I presume Jo Hyun Jae’s Su Hyun character will be the one to pair with Eugene, because he’s the one who’s placed in the most traditionally leading-man role. He’s the best-dressed, most conventionally handsome, and the most strait-laced. Plus, he’s the one with the coolest relationship with Na Young (he doesn’t hate her, but he’s a little distant), so it’s highly possible that this means he’ll be the one who falls for her. Even if I can’t help hoping that they’ll go with the unconventional but lovable Kyung Tae instead. (Sorry to say, I don’t see much chemistry between Eugene and Jae Hee.)
First off, the drama takes an exceedingly simplistic approach. Everything is painted in broad strokes, and the characterizations are really one-note. I understand the need to differentiate among the bachelors when there are so many characters, hence the exaggerated differences, but I think we’re all familiar enough with the actors not to run into the trouble of mixing them up.
As far as story goes, it’s hard to say. The first two episodes went by very slowly for me, because we knew everything that would happen based on the setup. I wish they’d scrunched up everything in the first two episodes into one, because the drama doesn’t really get going until after Sung Min dies and the three friends find out one of them is the father. To have waited until the end of the second episode to bring us to that point seems a waste of the first week’s worth of programming.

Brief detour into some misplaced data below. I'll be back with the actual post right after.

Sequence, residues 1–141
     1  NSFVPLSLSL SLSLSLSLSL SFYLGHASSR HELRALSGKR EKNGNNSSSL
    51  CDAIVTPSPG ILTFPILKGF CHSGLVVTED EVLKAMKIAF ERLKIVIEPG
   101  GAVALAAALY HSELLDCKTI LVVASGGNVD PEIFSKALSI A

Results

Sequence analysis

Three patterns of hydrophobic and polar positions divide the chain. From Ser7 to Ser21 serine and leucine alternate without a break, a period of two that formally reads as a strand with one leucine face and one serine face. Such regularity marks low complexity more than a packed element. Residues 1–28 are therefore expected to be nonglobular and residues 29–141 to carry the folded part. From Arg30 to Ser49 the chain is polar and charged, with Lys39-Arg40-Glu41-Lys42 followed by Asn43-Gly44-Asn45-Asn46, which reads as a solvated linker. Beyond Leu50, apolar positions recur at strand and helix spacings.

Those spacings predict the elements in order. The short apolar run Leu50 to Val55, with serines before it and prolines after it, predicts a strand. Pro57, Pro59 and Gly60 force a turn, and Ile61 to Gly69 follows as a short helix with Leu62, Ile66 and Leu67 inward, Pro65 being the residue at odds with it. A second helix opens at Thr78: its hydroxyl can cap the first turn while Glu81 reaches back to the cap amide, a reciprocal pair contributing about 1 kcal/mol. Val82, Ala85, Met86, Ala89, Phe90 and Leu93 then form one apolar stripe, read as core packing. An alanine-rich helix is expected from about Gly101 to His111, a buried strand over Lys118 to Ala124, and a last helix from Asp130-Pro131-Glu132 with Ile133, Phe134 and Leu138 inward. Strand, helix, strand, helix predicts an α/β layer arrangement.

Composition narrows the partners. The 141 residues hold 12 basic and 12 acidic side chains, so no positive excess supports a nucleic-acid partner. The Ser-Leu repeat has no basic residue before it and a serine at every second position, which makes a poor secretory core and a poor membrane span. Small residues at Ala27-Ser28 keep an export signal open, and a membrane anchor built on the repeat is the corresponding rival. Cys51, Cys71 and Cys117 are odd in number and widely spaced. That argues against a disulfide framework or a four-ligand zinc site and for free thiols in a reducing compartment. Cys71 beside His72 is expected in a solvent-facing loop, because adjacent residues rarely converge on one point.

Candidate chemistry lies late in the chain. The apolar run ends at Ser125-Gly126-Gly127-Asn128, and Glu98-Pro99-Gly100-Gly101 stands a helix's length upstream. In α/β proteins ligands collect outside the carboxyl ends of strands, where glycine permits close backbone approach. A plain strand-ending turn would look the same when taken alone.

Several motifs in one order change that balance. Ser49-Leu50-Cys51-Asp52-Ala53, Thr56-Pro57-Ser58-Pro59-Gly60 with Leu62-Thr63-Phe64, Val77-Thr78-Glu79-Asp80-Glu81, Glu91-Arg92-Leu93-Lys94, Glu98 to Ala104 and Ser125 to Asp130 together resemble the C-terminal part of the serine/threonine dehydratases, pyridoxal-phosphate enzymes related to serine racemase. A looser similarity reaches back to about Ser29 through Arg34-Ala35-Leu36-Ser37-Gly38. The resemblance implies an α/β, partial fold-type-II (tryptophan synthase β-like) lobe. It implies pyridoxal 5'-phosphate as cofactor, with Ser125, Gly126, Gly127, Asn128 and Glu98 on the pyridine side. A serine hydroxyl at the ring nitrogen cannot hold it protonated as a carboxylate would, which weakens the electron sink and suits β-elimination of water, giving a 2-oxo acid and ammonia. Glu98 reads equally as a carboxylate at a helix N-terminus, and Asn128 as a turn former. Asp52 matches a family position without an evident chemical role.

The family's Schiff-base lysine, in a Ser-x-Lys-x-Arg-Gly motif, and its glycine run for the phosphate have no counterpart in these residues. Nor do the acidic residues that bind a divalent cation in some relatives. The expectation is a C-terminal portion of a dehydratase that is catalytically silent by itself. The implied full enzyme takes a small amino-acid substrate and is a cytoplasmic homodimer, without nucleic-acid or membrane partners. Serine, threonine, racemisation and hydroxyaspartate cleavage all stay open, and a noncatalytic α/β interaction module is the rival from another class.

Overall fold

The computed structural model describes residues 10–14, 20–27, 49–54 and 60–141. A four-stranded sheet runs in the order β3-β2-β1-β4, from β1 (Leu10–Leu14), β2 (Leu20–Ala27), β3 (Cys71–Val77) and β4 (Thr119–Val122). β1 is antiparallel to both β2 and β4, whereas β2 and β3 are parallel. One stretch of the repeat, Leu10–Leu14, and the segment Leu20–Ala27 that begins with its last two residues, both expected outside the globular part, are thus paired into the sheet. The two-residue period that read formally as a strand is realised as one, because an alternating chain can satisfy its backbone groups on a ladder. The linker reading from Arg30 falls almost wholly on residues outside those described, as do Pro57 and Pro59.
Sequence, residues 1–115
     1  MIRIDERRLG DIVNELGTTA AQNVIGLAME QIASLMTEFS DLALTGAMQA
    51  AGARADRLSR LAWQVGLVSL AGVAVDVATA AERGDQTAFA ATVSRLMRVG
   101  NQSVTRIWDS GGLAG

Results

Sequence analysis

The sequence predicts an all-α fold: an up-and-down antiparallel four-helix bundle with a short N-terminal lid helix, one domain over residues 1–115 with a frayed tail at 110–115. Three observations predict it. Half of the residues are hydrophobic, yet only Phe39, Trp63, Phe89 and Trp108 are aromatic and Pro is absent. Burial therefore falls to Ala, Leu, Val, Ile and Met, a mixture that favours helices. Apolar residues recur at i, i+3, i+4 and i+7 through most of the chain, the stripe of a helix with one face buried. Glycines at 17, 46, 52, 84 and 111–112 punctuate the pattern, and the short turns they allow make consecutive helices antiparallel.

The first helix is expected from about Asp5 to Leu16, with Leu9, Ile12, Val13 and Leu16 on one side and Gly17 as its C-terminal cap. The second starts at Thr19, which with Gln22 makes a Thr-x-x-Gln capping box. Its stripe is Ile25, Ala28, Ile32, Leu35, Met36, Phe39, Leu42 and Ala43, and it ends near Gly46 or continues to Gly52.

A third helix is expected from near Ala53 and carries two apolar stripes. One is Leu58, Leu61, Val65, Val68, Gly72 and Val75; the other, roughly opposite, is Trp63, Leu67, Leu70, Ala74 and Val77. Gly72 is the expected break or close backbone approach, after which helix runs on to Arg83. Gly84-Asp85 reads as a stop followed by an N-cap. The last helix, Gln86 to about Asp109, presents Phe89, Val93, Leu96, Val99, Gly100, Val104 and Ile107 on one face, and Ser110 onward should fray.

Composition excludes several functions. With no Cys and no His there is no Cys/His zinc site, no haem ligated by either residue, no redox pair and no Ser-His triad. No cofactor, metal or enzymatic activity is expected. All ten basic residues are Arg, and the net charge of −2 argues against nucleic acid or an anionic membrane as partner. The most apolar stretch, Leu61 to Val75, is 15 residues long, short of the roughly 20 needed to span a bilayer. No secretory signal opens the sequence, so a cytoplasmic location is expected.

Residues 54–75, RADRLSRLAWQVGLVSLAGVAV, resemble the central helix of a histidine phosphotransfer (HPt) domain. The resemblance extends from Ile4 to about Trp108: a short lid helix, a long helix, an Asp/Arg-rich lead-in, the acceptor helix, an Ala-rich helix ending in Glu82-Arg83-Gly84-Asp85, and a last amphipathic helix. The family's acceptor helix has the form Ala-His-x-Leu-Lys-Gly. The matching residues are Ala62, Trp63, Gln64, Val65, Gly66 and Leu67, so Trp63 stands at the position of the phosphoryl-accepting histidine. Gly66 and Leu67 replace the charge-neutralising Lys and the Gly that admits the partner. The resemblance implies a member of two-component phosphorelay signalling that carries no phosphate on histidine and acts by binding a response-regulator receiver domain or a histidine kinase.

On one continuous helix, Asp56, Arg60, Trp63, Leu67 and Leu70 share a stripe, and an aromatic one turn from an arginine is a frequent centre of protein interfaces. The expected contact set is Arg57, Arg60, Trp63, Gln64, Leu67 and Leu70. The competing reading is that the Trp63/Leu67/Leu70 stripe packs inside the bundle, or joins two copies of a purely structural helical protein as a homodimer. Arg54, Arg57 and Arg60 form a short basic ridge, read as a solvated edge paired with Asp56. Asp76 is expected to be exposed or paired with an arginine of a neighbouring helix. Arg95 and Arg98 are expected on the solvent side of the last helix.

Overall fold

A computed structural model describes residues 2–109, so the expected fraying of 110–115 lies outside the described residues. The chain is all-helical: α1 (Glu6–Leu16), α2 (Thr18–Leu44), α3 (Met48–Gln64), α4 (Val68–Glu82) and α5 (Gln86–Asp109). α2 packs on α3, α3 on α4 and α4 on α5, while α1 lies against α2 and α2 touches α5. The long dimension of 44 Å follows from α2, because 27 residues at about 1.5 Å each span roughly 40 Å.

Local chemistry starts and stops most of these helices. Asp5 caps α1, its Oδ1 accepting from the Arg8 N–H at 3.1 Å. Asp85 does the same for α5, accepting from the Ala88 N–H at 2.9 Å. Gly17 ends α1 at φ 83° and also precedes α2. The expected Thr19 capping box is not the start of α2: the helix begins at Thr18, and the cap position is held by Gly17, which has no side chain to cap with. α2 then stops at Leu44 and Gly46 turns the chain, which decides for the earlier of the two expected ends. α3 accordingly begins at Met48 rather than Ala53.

The characters are made interesting and likable by the actors portraying them, but on their own they’re kind of flat. They border on stereotypical, in fact. (The finance manager ONLY talks in money-related terms. The artist is single-minded — GIRLS — and we see very little else.) Plus Jae Hee’s affecting some weird nasally tone of voice, which drives me bonkers. Those of us who’ve seen him previously know he’s got a nice, normal voice, so he must be using it as part of his “character work.” Perhaps it’s to make his flighty character seem even flightier, which is compounded by the extremely fast way he talks. All I know is, I wish he’d stop.
And then there’s Jo Hyun Jae. I swear, this has nothing to do with the recent army controversy, but I can’t seem to find him compelling. He’s good-looking, and he’s not a bad actor. But it’s like he has all the ingredients of a strong leading man, but lacks the alchemy to really spark. He’s kind of blank in the charisma arena. Very pretty to look at, for sure, but I’ve just never been drawn to his characters; it feels like watching a well-programmed robot.
I’m hoping Sung Min’s death spurs the three bachelors to develop some maturity. The three may be carried by the charm of their actors, but as characters they’re kind of annoying. They’re selfish and immature — I think their flaws are supposed to make them endearing, but they’re hammered in so strongly (like I said, simplistic) that it’s overkill. I start to hate Su Hyun’s stinginess (thriftiness can be cute, but extreme miserliness makes him seem petty in character as well as in pocketbook) and get tired of Kwang Hee’s libido. (I love Kyung Tae, so no complaints.)
Overall, the drama is good-natured, but it’s not complex, and it’s not exciting. It’s pleasant. I hold out hope that things develop more intriguingly in future episodes, and I’ll stick with the show for now. But I’m not convinced.